would collapse. We must adhere to the principle, Chastity in, Fraternity parties out."
Women race for union with cosmos
"Coi|us is achieving a glorious union with the cosmos.
Do you think we women want
to be: left behind in this ralde
for union with the cosmosjf"
asked Miss Brown.
Speaking for the negative,
Ken Hodkinson questioned the
validity of Miss Brown's
proof.
"A small percentage of
women have sexual intercourse with animals, the foremost of which are poodles and
Siamese cats. Does this mean
they are unchaste?"
He said, "With the abolition of chastity, sex would
become' jaded and matter of
fact, like eating, sleeping and
going to  the bathroom."
Most surprising and enter-
tafning^ turn of events took
place when the second speaker for the negative, Mike
Matthews proposed his "Program for Graceful Coupla-
tion."
Contending that chasity is
a relative rather than a rigid
moral, Matthews proposed
that the criterion for chastity
should be beauty.
"If we are to be chaste, we
should off er our tawny, gleam'
ing bodies to people of all
races, of all sexes, so long as
they are beautiful.
*Why not copulate with
both sexes? It seems that most
people are discriminatory in
this respect.' '
Auto backseat conception vulgar
"But we should avoid conceiving children in taxi-eabs
coming home from the Georgia," he said. "This is vulgar;
Conception in Volkswagens is
more vulgar."
"Intellectually and physically ugly people should be
sent to sterilization centers.
This would eliminate the chastity problem entirely."
The final speaker for the
affirmative, Miss Judy Grossman, raised the problem of
chastity and the university
students.
"With the age of marriageability becoming greater and
greater as our need for education and sound financial status increases, and with the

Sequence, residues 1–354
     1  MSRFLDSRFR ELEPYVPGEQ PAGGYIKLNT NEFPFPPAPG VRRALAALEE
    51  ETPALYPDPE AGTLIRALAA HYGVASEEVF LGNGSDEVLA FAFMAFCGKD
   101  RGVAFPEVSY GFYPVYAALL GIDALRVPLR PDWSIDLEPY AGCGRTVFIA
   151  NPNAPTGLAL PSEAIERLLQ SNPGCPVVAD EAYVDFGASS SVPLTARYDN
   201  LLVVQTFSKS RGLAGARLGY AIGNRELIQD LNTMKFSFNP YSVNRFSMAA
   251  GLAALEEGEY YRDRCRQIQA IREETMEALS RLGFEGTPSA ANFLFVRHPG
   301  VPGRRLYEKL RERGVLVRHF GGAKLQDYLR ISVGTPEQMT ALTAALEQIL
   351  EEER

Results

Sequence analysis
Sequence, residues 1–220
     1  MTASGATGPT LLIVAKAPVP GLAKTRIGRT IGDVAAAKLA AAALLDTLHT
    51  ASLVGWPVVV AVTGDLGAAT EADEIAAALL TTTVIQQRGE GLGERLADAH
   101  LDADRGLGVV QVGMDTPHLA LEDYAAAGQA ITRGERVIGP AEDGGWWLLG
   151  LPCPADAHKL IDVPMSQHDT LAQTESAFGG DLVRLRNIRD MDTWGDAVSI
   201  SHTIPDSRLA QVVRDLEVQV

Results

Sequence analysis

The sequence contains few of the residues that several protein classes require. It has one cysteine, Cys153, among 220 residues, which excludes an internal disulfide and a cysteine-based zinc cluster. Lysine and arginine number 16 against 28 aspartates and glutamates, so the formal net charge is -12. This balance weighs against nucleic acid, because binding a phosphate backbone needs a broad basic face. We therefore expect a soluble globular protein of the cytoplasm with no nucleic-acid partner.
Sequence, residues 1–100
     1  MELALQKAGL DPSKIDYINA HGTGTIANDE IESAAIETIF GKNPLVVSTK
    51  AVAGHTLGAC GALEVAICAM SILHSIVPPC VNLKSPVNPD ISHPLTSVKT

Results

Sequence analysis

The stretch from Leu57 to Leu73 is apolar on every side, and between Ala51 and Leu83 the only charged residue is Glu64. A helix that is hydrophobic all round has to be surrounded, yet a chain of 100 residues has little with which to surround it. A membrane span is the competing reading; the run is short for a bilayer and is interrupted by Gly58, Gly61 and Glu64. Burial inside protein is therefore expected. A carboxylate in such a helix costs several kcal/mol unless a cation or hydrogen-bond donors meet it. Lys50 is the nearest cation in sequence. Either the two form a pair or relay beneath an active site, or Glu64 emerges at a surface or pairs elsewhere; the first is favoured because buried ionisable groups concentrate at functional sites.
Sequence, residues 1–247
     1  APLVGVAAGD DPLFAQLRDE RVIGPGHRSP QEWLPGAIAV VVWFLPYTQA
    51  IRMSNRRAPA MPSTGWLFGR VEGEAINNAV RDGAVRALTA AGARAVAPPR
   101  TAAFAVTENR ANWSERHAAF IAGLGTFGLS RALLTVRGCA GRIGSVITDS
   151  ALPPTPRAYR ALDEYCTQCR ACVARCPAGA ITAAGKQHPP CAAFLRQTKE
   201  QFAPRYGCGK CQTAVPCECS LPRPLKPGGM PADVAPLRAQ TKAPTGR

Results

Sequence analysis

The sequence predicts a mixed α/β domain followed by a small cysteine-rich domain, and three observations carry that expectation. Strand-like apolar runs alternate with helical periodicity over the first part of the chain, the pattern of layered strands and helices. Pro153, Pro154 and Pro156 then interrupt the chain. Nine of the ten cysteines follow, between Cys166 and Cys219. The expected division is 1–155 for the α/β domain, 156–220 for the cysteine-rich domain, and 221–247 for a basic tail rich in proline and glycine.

age of sexual awareness becoming younger and younger,
it is becoming more difficult
for  us to  remain  chaste."
During a brief discussion
following the debate, First
Year Arts student, Yiannis
Calamitsis challenged the
women to uphold their beliefs;
"As is the custom in. any
challenge," he said, 'I will permit you to name the time and
place."
Miss Grossman declined the
invitation on the grounds that
although she fully believed
chastity was out-moded, her
personal behavior was governed by the strict moral code
instituted by her parents.
The Debate ended with a
vote by the audience, upholding the assertion of Miss
Brown and Miss Grossman,
that Chastity was, indeed, outmoded, i Wage Two
T»E      UBYSSEY
Friday, January 27, T9o"1
THE UB
Authorized as second class mail by Post Office Department, Ottawa
MEMBER CANADIAN UNIVERSITY PRESS
Published three times weekly throughout the University year
in Vancouver by the Publications Board of the Alma Mater Society,
Universitv of B.C. Editorial opinions expressed are those of the
Editorial Board of the Ubyssey and not necessarily those of the
Alma Mater Society of the University of B.C. .  .
TELEPHONES: CA 4-3242, locals 12 (news desk), 13 (cntics-
1 sports ), 14 (Editor-in-Chief), 15, 6 (business offices).
Editor-in-Chief: Fred  Fletcher
Managing Editor Roger McAfee
News Editor' . Denis Stanley
i Associate Editors    .    .    . Ian Brown, Ed Lavalle
; Photography Editor Byron Hender
Senior Editor Ann  Pickard
f Sports Editor Mike Hunter
' Critics Editor Dave Bromige
CUP Editor Bob Hendrickson
! LAYOUT:   Jones made the mess.
^       NEWS STAFF: Sharon McKinnon, Keith Bradbury, Ruth
H Robertson    Bob  Cannon,   Krishna   Sahay,   Stu   Me-
I Laughlin,   Diane   Greenall.   Bruce  Housser,   George
Railton,    Nick    Gilbert,    Doug    Sheffield,    Sharon
Rodney. .     „ , .    ,
SPORTS   STAFF:    Peter    Gelin,   Chris   Fahrni,    Andy
Pickard,  Judy  Sewell.	
Sick, sick, sex
!       Who says UBC students are torpid?
Judging by the crowd that turned out to hear yesterday's
debate on feminine chastity, anyone would say that apathy was
at an extremely low ebb on this campus.
However, in. line with our self-appointed role as Campus
Conscience (just call us Mrs. Grundy), we feel honor-bound
to point out the moral.